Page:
Monday, May 29, 2006
Monday, May 22, 2006
Thursday, May 18, 2006
Originally uploaded by Anthroponym.
The last 2 weeks I was in the Kullu valley, trekking across the Saurkundi Pass in the Pirpanjal range. Atop the Saur mountain, 13000 feet above sea level is the Saurkund lake. And the pass that goes beside it is the Saurkundi pass.
The trek was organised by the Youth Hostels Association of India (YHAI). The base camp is located at Babeli village along the banks of the Beas river, which is the lifeline of the Kullu valley.
The first day of the 7 day trek took us to Segli camp at 7100 feet. A climb of 3000 feet. Phew!! The camp was in an apple orchard, and not too far from the Segli village. Next day, next camp at Hora Thatch, 9200 feet, in the middle of a forest. Unfortunately no animals or wild forest people. Day 3 took us to Maylee Thatch at 10000+ feet. We hit small patches of snow and had to walk across them. The more experienced trekkers giving advice to us first timers how to place the leg on the snow so as to get a firm grip and not slide down the mountain face into the ravine below. Day 4 ended with the group reaching Dhavra @ 11000+ feet. This was the highest camp where we spent the night. On the way one smart alec tried something stupid and ended up sliding down the snow a good 100-150 feet before the guides (luckily) caught him and prevented him from going further. That was scary. Dhavra was lashed by heavy rain, hail and winds so strong, one of the tents broke in the middle of the night and the occupants had to be accommodated in the remaining tents.
It was adventurous all right. The greatest 'adventure' was to get up early every morning and go to find a place for egestion. Strict instructions, nothing to be done near water or near the path that the locals took to go up & down the mountains. The worst was at camp Dhavra, where we had to walk across a glacier for 10 mins to get to the place. I pity the groups that reported for the trek on later days.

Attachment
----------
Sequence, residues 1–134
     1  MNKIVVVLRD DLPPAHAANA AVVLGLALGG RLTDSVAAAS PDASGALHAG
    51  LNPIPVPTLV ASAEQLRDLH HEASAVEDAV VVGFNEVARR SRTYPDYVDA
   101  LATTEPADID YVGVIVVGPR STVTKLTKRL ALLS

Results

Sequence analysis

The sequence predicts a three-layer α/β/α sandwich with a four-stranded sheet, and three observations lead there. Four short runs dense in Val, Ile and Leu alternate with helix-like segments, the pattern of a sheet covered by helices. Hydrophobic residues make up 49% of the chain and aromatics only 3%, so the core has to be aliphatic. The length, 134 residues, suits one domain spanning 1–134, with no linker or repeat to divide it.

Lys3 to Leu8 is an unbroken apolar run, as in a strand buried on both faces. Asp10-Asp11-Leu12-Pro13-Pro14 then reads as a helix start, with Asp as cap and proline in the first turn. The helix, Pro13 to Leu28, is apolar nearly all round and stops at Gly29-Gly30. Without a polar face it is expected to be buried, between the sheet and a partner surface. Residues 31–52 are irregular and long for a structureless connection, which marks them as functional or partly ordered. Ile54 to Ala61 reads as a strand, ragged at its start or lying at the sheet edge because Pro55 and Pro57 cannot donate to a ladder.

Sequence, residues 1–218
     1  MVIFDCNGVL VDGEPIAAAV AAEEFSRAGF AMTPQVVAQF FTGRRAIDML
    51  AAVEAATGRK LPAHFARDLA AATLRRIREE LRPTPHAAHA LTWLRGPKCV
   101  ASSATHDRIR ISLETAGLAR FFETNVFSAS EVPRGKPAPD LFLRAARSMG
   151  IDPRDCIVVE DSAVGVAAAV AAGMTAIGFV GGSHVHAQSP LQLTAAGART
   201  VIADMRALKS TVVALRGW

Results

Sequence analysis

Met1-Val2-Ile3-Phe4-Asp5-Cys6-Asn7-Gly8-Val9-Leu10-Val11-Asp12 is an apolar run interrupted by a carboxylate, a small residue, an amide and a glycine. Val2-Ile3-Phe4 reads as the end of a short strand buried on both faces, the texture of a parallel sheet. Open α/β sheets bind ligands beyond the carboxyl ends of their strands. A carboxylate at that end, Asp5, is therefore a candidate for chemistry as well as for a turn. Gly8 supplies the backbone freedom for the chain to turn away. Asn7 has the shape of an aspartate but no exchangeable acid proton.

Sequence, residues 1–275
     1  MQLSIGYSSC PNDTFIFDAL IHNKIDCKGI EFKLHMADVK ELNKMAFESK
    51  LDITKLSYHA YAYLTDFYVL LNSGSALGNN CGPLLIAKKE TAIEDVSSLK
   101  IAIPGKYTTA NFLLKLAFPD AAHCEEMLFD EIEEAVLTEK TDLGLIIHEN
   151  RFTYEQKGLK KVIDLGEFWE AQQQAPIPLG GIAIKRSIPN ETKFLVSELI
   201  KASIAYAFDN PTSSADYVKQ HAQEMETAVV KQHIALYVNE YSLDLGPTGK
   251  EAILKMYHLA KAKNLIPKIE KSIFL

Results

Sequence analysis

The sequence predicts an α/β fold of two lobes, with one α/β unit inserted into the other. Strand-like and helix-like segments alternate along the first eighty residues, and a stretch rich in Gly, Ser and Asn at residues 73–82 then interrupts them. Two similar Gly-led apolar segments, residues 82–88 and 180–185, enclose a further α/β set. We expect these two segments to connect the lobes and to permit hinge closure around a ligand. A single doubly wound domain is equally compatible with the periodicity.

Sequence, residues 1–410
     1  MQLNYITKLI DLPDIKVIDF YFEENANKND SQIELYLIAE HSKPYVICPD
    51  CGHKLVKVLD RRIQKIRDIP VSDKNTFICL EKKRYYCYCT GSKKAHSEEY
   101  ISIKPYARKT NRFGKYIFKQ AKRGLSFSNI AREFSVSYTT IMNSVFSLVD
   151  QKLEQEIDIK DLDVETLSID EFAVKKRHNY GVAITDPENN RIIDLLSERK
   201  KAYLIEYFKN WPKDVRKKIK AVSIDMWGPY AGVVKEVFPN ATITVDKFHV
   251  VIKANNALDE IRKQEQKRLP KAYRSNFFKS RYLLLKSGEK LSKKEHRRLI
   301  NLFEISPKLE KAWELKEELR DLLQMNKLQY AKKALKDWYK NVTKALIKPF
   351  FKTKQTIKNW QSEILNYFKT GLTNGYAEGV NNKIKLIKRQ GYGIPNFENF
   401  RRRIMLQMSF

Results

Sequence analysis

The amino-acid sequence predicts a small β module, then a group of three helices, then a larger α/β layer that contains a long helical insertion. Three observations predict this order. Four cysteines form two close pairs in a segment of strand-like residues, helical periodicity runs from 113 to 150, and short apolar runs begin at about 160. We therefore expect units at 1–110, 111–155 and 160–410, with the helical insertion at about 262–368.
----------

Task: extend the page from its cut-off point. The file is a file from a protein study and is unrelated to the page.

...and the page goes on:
The water was numbingly cold. One contact and hands would go numb. We had abandoned all hopes of washing our hands, feet, even our lunch boxes and plates. Even thinking of taking a bath was an act of bravery. This was the time I understood the importance of the paper "A greedy approach towards optimizing usage of externally intangible resources". The motto in the tent was to "Share (the antifungal powder, the deo, the talcum powder, the cold cream) and share alike".
We woke up on day 5 to find a fresh layer of snow glowing in the morning light. We left camp to cross Saurkundi pass. Steep climb on the snow took us to the top of the Saur mountain. The view from atop is a sight for Saur eyes. Snow capped peaks all round and the hill town of Manali down below.
The fun part was after crossing the pass. We had to slide down on the snow, 300 feet or so. From the point where the slide started, we could see 4 feet of snow ahead, and the people who had slid down already standing down below. In between was a steep drop. End of day 5, we reach Longa Thatch.
The last 2 days of the trek were the toughest. Descending the mountains on a narrow path takes a heavy toll on your legs and back. Especially the ankles and knees. Day 6, we camped at Lekhni village, in a pomogranete orchard. Day 7, back to base camp, followed by a well deserved bath. Still in cold water.
A bunch of us visited Manikaran, piligrimage spot for both Sikhs and Hindus, located on the banks of the Parvati river. Our main motivation was that we could take bath in the hot water springs. They say it is the journey to the destination and not the destination itself that is more important. Defenitely!! Sitting atop the bus, going on a narrow road, one side you can drop down a precipice, on the other side you can get hit by a large stone protruding from the mountain face. End result...
The field director at the base camp had said 'You are going to Saurkundi pass. Koi mazaak nahin hai. You must always be in discipline'. And I must say, crossing Saurkundi, koi mazaak nahin tha!!!